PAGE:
Rights Judges Halt Deportation of ‘Killer Monk’

David Barrett, Telegraph (London), September 15, 2013

Ministers are facing a fresh challenge on human rights grounds to their ability to deport foreign criminals.

They have been asked by European human rights judges to justify plans to return a convicted murderer to Bangladesh where he claims prison conditions are so poor his rights would be breached.

The move opens a new front in the row over the use of human rights by foreign criminals to defy attempts to have them removed.

It is the first time the Government has been asked by the court to justify deporting a foreign criminal on such a claim.

The case involves a Buddhist monk convicted in his absence of killing a man in Bangladesh.

The alleged killer, who can only be identified by the initials “SU” for legal reasons, came here as an asylum seeker and says he is innocent of the 2004 killing.

His appeal hinges on a claim that returning him to his homeland would amount to ill-treatment under Article Three of the European Convention on Human Rights, which prohibits torture, inhuman or degrading treatment.

If his human rights claim is successful it could lead to more cases of foreign criminals claiming they cannot be deported to serve sentences in developing countries.

Last night, David Davies, the Conservative MP for Monmouth, said the case was “ludicrous”.

“I’m sure the prison conditions in Bangladesh are pretty poor but that is not the fault of the British taxpayer,” he said.

SU’s legal challenge has already passed the first stage in Strasbourg.

Court papers say he failed to surrender himself to a police station in Bangladesh and instead he fled to Dhaka.

He came to Britain in 2005 and two years later his lawyers informed him he had been convicted of murder in his absence and sentenced to 14 years’ imprisonment.

The monk, who now lives in Sheffield, claimed asylum in 2010 but the Home Secretary rejected the case because of the delay in submitting the application.

British immigration judges backed the decision, and said the sentence he had received was lawful and did not amount to “any form of ill-treatment”.

SU’s lawyers lodged a further series of appeals to the immigration courts and to the Court of Appeal, which declined to hear the case.

In the paperwork to Strasbourg, they point out that British officials have previously warned that conditions in Bangladeshi prisons may breach Article 3 “in some cases”.

The Foreign Office must respond on behalf of the Home Office and the court will then consider whether to order a full hearing.

A Home Office spokesman said: “We will take all action to remove those who have no right to be in this country.”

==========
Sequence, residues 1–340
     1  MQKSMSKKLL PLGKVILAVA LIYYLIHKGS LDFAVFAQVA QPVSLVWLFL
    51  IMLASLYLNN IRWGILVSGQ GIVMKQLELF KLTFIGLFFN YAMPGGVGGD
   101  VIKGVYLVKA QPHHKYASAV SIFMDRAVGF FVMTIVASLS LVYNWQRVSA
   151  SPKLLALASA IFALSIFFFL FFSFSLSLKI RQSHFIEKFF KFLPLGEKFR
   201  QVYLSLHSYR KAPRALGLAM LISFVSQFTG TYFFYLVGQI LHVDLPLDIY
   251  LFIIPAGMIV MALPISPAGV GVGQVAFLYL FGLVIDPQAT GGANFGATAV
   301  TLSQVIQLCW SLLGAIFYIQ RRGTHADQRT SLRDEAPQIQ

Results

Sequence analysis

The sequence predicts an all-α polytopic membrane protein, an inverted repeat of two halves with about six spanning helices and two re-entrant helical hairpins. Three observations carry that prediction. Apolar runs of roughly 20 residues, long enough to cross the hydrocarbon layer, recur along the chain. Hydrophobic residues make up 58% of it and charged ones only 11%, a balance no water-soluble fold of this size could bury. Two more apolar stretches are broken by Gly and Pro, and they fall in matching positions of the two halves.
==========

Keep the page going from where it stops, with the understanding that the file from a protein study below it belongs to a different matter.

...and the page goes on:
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  • Spartacus

    “I’m sure the prison conditions in Bangladesh are pretty poor but that is not the fault of the British taxpayer,”


    It’s not their fault. Their fault is not lynching race-traitor scum like you !

  • sbuffalonative

    Whom the gods wish to destroy they first make mad. The gods have set their focus on Britain.

  • Homo_Occidentalis

    This would be funny, were it not so tragic. The Britain of Rudyard Kipling, Arthur Conan Doyle, and Cecil Rhodes is long dead. What has replaced it is something out of a mental asylum…

  • David Ashton

    Your POTUS says that terrorists shall have nowhere to hide. Ah, but there is always my once green & pleasant land, set in a silver sea, this other Eden, and seat of – judges subsersient to a spurious “human rights” (for criminals) racket.

    The UK Home Office “flagship e-borders programme” which has so far cost more than £500 million has yet to deliver benefits in controlling immigration and has had only a limited impact on tracking terrorists, according to an official watchdog report redacted by “home” secretary Theresa May. High profile alerts are not even being routinely used to stop high-risk terrorism suspects, war criminals and carousel ex-deportees from entering or re-entering Britain. 650,000 smuggling alerts were deleted. – “The Guardian” & other newspapers, October 9.

  • joesolargenius

    Well if I ever do something really bad I can just head for Britain and claim I am an Hispanic Cuban seeking sanctuary. (Intendes hermanos)

    • David Ashton

      Why not just head for us anyway – if necessary via some EU state? (Irony.)

      “The Government keeps no figures on how many EU nationals claim welfare payments in Britain… Nor can it give figures showing the number of fraudulent benefit claims.” – Daily Telegraph, Oct.8.

      “Between 13-22 per cent of the 37,000 members of the most significant crime networks came from overseas. In London, Scotland Yard says that 25 per cent of its most serious criminals are foreign national offenders. The Home Office said organised crime involved 5,500 groups and cost the UK £24 billion a year.”… “Organised immigration crime [costs] £1.04 billion a year.” – The Times, Oct.8.

      “The trafficking of foreign women to be exploited in Britain is worth at least £130 million…. Organised crime was responsible.” – Daily Telegraph, Oct.8.

      In the UK a billion is a million million, not a thousand million.

  • Jesse James

    What about the right of the native English to not be buried under a human mud slide of weird, violent foreigners?

  • me

    I thought that ‘Buddhist monks’ weren’t violent. So much for that false impression. If SU (why won’t they release the murderer’s name?) doesn’t want to be deported, fine. Let him rot in a British prison for the rest of his life. Prison, with no possibility of parole. Or, a firing squad. Either way, SU the monk should NOT live free. He’s committed a heinous crime and must be brought to justice.

  • Greg Thomas

    Sounds to as if Article 3 needs to be repealed on the grounds it amounts to ill-treatment of British citizens, who have been violated by diversity traitors in their own government.